In general, I’ll conditionalize a block of code (gates are awesome for this) only if it’s running a Tick and there’s expensive stuff going on that only needs to happen occasionally. The performance gain/loss in your two cases is negligible.
Thanks for the answer. I guessed you would answer something like that. I’m a programmer so I understand your points but it’s just I’m a little nervous about performance when it comes to blueprints so I had to ask. I do know c++ so I will do most logic later on in code but blueprints is so good for rapid prototyping.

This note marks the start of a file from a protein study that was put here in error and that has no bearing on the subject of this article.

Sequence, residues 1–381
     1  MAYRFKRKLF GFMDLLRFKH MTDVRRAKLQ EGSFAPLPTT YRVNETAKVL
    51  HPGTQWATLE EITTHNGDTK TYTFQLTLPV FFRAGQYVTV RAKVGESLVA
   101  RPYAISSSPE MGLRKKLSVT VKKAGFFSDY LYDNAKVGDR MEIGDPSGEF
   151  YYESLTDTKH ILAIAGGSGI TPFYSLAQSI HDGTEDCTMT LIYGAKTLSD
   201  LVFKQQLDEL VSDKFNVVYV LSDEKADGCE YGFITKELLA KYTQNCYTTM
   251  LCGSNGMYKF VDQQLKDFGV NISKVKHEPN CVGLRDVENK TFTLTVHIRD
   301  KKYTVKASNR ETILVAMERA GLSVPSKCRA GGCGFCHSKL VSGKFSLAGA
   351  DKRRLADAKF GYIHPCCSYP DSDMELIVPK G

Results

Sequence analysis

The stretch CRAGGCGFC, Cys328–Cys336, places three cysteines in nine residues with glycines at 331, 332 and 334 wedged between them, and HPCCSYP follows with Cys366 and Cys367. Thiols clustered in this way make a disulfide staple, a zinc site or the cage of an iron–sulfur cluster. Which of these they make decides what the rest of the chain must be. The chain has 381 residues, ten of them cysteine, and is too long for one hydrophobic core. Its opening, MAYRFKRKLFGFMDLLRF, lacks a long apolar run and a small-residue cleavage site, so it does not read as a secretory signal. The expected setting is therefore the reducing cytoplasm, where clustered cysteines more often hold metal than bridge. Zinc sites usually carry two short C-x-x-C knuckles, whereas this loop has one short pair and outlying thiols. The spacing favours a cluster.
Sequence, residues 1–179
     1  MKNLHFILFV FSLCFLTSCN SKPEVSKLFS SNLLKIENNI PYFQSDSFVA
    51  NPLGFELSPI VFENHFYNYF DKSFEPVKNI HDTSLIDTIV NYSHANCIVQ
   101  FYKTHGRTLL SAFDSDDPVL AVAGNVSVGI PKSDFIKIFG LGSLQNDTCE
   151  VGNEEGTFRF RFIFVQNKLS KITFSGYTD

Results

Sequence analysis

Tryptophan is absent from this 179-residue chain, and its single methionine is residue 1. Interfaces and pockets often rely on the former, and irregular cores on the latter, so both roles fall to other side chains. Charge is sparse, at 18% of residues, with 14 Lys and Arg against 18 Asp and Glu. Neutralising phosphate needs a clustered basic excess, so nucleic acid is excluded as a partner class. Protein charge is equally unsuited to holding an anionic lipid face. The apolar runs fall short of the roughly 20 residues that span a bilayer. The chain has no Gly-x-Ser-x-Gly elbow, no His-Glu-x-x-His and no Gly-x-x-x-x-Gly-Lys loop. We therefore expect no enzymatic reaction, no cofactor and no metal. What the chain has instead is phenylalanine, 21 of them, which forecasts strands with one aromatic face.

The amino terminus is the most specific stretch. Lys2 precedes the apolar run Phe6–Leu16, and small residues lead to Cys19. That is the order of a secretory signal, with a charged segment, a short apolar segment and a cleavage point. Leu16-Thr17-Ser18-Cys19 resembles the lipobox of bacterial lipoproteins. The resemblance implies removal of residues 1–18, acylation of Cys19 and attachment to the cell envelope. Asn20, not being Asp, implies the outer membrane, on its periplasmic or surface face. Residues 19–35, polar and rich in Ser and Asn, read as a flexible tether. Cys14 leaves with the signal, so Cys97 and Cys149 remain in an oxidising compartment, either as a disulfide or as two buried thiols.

Thanks again. I will check out gate. Haven’t used those yet.
A gate is just like a flood gate might sound, you plug your water into the ‘Enter’, and then you can open and close the gate whenever you want, but water will only flow if there is water going to the gate, hopefully that makes sense.
Here’s a gate in action, part of my script to move a turn-based unit from one tile to another. You can just fire off events into them and it reduces the amount of execute lines sweeping across the screen. Also fantastic for button press/release events.